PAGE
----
The amount of this type of spam on the Russian Internet is usually insignificant because the majority of real estate agencies are large companies that do not use spammer services. However, during this period office space was leased by small companies, thereby pushing up advertising activity during the crisis. This is quite logical. Many bankrupt companies had to leave their offices. Those organizations which could survive were looking for less expensive office space. This situation forced landlords to reduce their prices and to launch advertising campaigns that included spamming. The first burst of activity of this type was seen in October 2008. It reached its peak in the spring of 2009.

We have already mentioned that spam involves two parties – a service provider and a client. Though spammers represent the shadow economy, their “companies” are usually small and medium-sized businesses, meaning that they were also hit by the crisis. A lack of clients made spammers advertise their own services. Of course, this type of spam is not new, but it has never been as aggressive as it was during the crisis. Additionally, in trying to rustle up new business, the spammers sent out messages telling potential clients that advertising via bulk email was perfect for small companies and that their activity was entirely legitimate.

The share of spam containing spam advertising services

As can be seen from the graph, spammers first saw their business drop away during November 2008. Consequently, in January 2009 the percentage of this type of spam started to grow, reaching a peak in March 2009.

Partnership program spam was also moving forward. Partnership programs continued to develop regardless of whether a spammer had a client or not. Participation in these programs promised spammers real profits. To a spammer, the idea of a partnership program is excellent as it guarantees rewards for the spammer with each client who responds to the advertisement. That is why when spammers face a lack of customers they turn to partnership programs in the hope of sustaining their monthly income. As can be seen from the graph below, there is a distinct correlation between the quantity of spam ordered and the amount of spam distributed, resulting in profit arising from participation in partnership programs.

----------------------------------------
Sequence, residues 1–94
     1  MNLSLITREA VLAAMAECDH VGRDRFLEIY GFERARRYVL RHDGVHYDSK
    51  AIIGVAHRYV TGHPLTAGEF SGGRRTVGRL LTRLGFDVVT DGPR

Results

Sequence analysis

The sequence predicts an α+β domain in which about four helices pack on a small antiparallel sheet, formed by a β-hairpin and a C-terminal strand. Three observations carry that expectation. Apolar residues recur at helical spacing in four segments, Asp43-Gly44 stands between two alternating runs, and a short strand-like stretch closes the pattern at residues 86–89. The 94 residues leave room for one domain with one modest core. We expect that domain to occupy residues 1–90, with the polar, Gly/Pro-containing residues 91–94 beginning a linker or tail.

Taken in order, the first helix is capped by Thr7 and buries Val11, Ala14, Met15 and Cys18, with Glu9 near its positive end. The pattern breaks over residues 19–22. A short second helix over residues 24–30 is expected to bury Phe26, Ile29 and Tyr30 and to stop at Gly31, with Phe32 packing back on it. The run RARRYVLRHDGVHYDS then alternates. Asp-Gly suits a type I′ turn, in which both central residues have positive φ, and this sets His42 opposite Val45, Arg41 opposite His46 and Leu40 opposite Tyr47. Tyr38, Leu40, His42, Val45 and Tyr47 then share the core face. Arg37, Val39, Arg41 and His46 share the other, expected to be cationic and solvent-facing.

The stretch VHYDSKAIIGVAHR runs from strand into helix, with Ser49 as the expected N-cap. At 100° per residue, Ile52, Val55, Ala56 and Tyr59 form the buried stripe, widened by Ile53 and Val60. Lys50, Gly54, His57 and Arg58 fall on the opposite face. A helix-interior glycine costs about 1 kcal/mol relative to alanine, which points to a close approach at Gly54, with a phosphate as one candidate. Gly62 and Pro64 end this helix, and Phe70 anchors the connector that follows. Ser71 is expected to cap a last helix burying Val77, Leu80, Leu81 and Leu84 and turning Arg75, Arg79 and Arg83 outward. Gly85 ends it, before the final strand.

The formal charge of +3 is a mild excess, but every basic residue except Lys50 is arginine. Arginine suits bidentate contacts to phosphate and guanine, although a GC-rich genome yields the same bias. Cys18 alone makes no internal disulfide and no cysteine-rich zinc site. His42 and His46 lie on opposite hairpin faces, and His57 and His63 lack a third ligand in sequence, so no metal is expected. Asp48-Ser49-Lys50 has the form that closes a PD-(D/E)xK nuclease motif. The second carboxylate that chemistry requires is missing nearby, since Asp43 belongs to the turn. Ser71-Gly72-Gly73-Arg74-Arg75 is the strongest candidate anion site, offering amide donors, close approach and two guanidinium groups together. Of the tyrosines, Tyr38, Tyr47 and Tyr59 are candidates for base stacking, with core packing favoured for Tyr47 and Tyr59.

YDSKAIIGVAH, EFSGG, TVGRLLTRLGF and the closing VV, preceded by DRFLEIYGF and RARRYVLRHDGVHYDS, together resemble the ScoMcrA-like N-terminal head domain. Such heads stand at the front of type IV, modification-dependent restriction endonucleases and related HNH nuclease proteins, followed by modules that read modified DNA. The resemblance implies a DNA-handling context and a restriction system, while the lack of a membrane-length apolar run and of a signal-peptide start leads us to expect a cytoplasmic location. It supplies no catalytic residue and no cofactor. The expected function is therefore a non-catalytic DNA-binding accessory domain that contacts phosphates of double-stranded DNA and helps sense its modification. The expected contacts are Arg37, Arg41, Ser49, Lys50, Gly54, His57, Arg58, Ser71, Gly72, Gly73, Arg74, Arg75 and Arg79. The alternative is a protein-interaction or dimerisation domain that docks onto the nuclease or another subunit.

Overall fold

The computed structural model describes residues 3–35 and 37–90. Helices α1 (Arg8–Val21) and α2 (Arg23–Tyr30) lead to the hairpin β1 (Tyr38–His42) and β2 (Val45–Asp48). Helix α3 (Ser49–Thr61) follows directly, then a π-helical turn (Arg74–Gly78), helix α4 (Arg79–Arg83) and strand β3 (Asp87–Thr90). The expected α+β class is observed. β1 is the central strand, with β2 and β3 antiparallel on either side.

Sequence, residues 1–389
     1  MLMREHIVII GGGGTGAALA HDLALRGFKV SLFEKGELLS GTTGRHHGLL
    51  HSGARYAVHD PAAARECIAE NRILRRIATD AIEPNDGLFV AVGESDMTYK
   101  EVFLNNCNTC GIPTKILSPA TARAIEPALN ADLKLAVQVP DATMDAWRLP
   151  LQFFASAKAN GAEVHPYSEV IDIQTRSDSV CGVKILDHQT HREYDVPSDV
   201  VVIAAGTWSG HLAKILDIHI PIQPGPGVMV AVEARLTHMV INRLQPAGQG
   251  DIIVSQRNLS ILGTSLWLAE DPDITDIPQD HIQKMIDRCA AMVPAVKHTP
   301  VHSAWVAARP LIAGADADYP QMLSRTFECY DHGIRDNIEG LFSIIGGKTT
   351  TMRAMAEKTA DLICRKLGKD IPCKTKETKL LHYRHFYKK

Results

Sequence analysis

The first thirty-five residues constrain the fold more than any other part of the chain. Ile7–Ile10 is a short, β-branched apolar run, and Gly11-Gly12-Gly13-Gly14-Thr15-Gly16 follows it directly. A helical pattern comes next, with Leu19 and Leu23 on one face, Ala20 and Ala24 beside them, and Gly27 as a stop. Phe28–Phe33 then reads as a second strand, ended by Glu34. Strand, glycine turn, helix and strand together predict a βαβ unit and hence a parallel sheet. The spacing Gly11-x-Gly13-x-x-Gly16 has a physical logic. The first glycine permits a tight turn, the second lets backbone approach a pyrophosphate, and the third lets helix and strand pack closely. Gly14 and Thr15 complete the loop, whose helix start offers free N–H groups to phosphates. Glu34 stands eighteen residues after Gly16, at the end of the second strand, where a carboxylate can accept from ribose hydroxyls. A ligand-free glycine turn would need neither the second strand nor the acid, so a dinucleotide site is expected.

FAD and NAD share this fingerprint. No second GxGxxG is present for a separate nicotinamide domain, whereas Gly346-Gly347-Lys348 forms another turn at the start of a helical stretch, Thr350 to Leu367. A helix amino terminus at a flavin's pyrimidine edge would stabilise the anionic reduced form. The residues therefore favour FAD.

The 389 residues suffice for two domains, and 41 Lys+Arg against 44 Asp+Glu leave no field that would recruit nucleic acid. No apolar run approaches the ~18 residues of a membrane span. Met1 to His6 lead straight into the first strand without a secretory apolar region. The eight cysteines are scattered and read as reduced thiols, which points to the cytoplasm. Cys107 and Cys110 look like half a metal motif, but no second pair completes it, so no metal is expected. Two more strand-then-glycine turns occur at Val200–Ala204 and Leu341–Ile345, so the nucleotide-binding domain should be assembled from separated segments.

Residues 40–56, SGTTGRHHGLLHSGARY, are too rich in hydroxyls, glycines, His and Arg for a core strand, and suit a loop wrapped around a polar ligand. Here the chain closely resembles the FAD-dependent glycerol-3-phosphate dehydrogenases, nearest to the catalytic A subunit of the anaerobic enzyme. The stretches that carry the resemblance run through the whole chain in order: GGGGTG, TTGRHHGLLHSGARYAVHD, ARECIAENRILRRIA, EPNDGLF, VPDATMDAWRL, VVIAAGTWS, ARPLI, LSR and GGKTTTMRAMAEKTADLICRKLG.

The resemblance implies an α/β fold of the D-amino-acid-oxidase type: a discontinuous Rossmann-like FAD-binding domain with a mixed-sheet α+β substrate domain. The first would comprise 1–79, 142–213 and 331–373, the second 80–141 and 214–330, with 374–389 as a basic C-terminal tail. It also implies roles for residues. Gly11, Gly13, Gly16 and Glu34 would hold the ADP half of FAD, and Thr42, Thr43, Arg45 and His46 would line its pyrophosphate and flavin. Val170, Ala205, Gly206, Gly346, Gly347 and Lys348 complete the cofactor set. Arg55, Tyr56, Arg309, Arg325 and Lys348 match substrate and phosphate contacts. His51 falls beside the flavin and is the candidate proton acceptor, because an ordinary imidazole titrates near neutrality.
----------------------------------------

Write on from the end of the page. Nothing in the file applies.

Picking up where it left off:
Correlation between the quantity of spam
ordered and ‘partnership program’ spam

The question therefore arises: why don’t spammers forget about individual clients and deal only with partnership programs? The answer is very simple. We are studying spam on the Russian Internet and the majority of Russian users do not buy goods advertised via partnership programs. That is why Russian spammers prefer to deal with real customers who pay real money rather than wait for that one-per-million email recipient to buy a pack of Viagra.

In June 2009 the situation in the spam industry changed for the better; however, it was too early to speak about any serious trends. During August these trends became more prolific. The spammers’ clients began returning and the amount of spam ordered by individual clients began to grow rapidly. In September it exceeded its regular figure of 50%, whilst the quantity of partnership program spam started to decrease.

The amount of spam advertising the spammers’ own services also declined because it was no longer necessary.

The percentage of real estate spam returned to its pre-crisis figures, which was a good indication of economic recovery, with landlords not needing to use spam as an advertising tool in order to find tenants.

Spam by category in the second half of 2009
Spam by category in the second half of 2009

In conclusion, the noticeable stabilization of the spam industry is indicative of the general stabilization of small and medium-sized businesses in Russia. This means that spammers once again have clients willing to pay for their services, whilst the reappearance of real estate spam suggests that small and medium-sized businesses, the most vulnerable during the economic crisis, are recovering steadily.

Spam – How it Mirrors the Global Economy